Malaysia not exporting renewable energy – Takiyuddin
31 Mar 2022
The government does not export the renewable energy it produces, but instead uses it to attract more investors to the country, said Energy and Natural Resources Minister Datuk Seri Takiyuddin Hassan.
He said renewable energy was a top choice of a majority of foreign investors, especially those who chose to apply green technology in their industrial operations or investments.
“Apart from coal and diesel, the renewable energy sources available in the country are hydrogen, solar and gas. Renewable energy is one of the investors’ choices, and it is one of the advantages available in this country.
“Until now, the use of renewable energy has reached 25 per cent compared with its target, which has been set at 31 per cent by 2025,” he told reporters after the opening ceremony of the Edra Melaka Power Plant (EMPP) here today.
The ceremony was officiated by Melaka Chief Minister Datuk Seri Sulaiman Md Ali and was also attended by Edra Power Holdings Sdn Bhd chairman, Dai Honggang.
Takiyuddin said the government also emphasised the balance in the energy trilemma, namely the elements of security, affordability and sustainability, which were the main pillars in electricity generation planning implemented in peninsular Malaysia.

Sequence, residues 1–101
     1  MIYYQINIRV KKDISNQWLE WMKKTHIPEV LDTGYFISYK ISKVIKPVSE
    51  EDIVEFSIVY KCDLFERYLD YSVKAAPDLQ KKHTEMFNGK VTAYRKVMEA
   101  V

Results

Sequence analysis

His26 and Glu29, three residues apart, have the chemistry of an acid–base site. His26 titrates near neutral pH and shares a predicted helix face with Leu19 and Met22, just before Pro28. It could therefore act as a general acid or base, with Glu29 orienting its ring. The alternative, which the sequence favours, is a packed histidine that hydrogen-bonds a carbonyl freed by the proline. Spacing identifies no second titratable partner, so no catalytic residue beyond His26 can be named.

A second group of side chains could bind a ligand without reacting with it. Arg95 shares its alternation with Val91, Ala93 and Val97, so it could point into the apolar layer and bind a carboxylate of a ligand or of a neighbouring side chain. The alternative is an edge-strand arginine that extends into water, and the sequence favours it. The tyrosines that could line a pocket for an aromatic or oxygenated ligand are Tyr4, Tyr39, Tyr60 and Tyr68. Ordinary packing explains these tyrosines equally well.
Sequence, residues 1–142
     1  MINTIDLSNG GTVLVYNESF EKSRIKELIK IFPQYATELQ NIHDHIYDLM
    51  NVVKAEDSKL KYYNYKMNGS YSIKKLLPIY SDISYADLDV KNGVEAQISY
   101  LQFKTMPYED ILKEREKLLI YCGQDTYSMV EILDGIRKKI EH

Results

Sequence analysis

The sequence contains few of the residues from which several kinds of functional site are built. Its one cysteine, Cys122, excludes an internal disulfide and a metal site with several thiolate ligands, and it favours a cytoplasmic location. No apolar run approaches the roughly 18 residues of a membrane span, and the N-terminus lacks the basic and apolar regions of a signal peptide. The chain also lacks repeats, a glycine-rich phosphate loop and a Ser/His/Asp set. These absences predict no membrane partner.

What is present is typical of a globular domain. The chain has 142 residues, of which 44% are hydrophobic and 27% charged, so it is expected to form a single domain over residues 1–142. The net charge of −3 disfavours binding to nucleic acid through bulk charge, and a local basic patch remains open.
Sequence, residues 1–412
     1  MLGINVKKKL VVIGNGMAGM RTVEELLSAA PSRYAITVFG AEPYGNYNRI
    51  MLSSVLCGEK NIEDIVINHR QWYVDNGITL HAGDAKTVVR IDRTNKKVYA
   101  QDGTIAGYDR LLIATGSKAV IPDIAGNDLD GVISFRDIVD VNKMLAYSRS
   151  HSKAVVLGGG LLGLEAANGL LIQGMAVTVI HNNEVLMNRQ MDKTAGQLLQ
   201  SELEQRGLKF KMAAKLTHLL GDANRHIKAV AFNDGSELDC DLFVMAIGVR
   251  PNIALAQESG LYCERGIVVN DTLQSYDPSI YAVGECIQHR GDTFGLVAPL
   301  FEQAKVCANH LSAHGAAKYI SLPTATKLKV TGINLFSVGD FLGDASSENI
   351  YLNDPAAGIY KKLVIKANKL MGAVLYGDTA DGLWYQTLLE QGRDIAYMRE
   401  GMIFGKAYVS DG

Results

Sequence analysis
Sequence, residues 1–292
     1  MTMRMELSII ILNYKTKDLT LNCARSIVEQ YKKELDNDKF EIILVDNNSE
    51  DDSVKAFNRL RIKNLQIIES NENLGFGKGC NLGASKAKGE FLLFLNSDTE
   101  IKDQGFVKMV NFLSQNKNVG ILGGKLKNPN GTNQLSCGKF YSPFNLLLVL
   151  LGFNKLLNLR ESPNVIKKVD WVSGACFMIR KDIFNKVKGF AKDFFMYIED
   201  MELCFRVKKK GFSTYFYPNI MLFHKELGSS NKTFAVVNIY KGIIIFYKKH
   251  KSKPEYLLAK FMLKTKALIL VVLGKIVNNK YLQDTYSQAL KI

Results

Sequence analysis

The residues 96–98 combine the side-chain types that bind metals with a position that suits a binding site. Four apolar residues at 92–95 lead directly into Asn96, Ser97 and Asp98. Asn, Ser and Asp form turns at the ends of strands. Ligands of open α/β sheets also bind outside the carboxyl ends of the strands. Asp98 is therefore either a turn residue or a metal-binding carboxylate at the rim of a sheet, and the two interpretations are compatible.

In the meantime, he said electricity generation from cleaner sources would be implemented through the operation of several cycle gas turbine power stations, such as EMPP, as well as several renewable energy projects throughout the peninsula which would be developed in stages.
Earlier, he said EMPP was one of the main projects listed in the Peninsular Malaysia Generation Development Plan 2020 (2021-2039), aimed at meeting the country’s needs for safe, clean and secure energy.
“EMPP’s success in reaching this commercial operation date is timely, especially now that the Malaysian economy is in the process of recovery following the COVID-19 pandemic, thus strengthening the stability of electricity supply in the peninsula and helping to stimulate economic development.
“It also signifies the readiness and confidence of investors from within and outside the country towards Malaysia’s strong and competitive basic facilities and infrastructure,” he said.
EMPP is able to channel a total of 2,242 megawatts of electricity supply to the national grid system, thus placing Melaka in particular and Malaysia in general as the largest power station base in Southeast Asia.